Looking ahead, Tribune said it expects its full-year profit to fall within the range of $2.05 and $2.20 a share.

Emmy Noms Have Instinct for Basic Cable: Tony Shalhoub, who plays USA Network’s obsessive-compulsive detective in the one-hour comedy “Monk,” and Michael Chiklis, who plays the toughest detective on TV in FX’s “The Shield” were on the Outstanding Actors lists when nominations were announced for the 55th annual Primetime Emmy Awards show this morning, Thursday, July 17.

The “Monk” and “Shield” acting nominations are the latest signs that the Academy of Television Arts & Sciences has developed an instinct for honoring basic cable.

Premium cable network HBO once again led all networks in total nominations, with a spectacular 109, followed by NBC’s 77, CBS’s 59, Fox’s 37 and ABC’s 33 and PBS’s 16. TNT scored 14 nominations, followed by Showtime and A&E with 12 each and Sci Fi with 10. All other networks had single-digit nomination totals.

Nominees for Outstanding Drama are CBS’s “C.S.I.: Crime Scene Investigation,” HBO’s “Six Feet Under,” HBO’s “Sopranos,” Fox’s “24” and NBC’s “The West Wing.”

Nominees for Outstanding Comedy are HBO’s “Curb Your Enthusiasm,” HBO’s “Sex and the City,” CBS’s “Everybody Loves Raymond,” NBC’s “Friends” and NBC’s “Will and Grace.”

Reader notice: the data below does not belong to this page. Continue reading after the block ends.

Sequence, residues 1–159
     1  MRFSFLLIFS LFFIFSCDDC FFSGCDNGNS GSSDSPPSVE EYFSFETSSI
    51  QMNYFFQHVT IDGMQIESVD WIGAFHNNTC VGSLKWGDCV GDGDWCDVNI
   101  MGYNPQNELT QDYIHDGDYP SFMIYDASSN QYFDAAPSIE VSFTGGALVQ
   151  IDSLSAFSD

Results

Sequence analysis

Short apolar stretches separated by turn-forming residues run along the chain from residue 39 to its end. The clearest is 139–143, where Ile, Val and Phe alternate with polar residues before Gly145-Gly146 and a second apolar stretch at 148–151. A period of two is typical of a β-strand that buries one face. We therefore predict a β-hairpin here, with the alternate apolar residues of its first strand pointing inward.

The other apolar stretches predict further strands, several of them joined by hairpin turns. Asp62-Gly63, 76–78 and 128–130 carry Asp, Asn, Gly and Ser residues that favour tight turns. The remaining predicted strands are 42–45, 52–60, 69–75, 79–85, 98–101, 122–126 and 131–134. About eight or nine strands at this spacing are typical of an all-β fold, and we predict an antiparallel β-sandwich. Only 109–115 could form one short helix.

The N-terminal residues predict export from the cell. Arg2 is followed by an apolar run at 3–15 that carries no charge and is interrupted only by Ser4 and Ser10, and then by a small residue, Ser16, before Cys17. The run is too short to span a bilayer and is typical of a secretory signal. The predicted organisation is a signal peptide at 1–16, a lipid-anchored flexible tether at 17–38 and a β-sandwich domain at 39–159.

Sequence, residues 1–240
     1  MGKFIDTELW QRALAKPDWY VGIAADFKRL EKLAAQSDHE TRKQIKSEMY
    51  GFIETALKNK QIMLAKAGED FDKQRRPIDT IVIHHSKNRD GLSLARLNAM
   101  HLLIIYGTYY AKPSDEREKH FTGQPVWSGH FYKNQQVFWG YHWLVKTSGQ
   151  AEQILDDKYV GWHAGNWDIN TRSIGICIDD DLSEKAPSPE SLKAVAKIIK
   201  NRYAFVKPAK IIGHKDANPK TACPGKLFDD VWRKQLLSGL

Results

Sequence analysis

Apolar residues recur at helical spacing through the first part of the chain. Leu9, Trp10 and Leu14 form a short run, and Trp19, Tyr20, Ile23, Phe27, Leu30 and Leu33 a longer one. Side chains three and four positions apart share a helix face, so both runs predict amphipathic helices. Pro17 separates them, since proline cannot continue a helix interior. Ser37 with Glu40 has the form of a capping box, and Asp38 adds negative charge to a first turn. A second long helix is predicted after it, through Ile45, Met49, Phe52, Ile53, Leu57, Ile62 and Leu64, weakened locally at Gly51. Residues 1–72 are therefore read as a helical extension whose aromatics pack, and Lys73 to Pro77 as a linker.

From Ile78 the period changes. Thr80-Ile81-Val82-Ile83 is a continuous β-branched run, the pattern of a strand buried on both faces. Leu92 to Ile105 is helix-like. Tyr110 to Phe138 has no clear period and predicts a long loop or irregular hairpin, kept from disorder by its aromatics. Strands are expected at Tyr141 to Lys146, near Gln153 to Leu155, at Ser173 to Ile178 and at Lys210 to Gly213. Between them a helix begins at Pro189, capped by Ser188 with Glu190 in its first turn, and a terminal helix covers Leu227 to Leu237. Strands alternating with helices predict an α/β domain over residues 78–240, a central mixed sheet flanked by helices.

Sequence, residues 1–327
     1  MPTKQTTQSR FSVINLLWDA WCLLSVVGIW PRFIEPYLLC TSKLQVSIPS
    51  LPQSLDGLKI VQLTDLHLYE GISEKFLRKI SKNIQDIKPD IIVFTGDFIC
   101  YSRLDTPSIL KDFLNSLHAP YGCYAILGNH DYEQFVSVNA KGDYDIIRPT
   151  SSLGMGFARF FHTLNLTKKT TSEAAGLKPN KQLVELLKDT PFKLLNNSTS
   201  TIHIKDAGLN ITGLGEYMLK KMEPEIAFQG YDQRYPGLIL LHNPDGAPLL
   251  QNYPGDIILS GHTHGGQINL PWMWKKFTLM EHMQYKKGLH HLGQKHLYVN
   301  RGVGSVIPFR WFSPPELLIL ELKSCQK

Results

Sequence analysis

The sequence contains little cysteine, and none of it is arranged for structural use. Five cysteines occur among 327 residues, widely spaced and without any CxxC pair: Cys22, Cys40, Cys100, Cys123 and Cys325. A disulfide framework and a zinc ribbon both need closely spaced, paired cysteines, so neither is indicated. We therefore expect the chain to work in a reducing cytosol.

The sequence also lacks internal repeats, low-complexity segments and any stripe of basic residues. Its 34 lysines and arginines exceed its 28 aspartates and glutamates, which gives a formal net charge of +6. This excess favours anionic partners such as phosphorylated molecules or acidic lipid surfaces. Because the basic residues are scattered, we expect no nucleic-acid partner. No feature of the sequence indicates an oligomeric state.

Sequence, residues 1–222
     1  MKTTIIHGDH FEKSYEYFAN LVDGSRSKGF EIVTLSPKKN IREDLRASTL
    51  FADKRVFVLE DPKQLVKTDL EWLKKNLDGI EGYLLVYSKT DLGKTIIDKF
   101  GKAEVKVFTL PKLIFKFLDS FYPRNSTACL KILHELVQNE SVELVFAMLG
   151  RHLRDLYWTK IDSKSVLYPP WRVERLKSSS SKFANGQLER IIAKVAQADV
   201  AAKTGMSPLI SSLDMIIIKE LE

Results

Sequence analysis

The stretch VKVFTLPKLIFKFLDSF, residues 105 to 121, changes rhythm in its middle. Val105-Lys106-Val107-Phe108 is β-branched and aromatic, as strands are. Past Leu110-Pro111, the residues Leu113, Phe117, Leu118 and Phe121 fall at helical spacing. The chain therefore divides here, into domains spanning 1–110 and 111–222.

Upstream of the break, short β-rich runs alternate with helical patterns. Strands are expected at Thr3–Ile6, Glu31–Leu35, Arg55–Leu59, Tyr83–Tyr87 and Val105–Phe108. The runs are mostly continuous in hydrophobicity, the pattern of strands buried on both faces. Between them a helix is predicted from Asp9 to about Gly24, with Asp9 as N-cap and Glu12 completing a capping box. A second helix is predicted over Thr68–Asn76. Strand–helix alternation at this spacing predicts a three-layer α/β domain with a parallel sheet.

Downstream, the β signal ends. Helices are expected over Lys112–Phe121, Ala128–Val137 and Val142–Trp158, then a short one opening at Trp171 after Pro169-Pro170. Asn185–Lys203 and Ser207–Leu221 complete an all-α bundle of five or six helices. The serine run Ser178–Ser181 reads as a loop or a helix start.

In the acting major categories there were few surprises. Joining Mr. Shalhoub in the Outstanding Actor in a Comedy category were Larry David (HBO’s “Curb Your Enthusiasm”), Bernie Mac (Fox’s “The Bernie Mac Show”), Matt LeBlanc (“Friends”), Eric McCormack (“Will and Grace”) and Ray Romano (“Raymond”).

The nominees in the Outstanding Actress in a Comedy category are Jennifer Aniston (“Friends”), Patricia Heaton (“Raymond”), Debra Messing (“Will and Grace”), Sarah Jessica Parker (“Sex and the City”) and Jane Kaczmarek (Fox’s “Malcolm in the Middle”).

The nominees in the Outstanding Actress in a Drama category are Frances Conroy (“Six Feet Under”), Jennifer Garner (ABC’s “Alias”), Edie Falco (“The Sopranos”), Marg Helgenberger (“C.S.I.”) and Allison Janney (“The West Wing”).

Joining Mr. Chiklis in the Outstanding Actor in a Drama category are James Gandolfini (“The Sopranos”), Peter Krause (“Six Feet Under”), Martin Sheen (“The West Wing”) and Kiefer Sutherland (“24”).

If there was an unexpected surprise in the major nominations, where even the “surprises” like Mr. Shalhoub’s nomination had been widely predicted, it was the absence of “Law and Order” from the best-series lists. If the flagship of the NBC franchise had been nominated for Outstanding Drama again this year, it would have surpassed “Cheers” and “MASH” for most consecutive best-series nominations. Now, it will go into the record books as a three-way tie, with each of the three series having 11 consecutive best-series nods.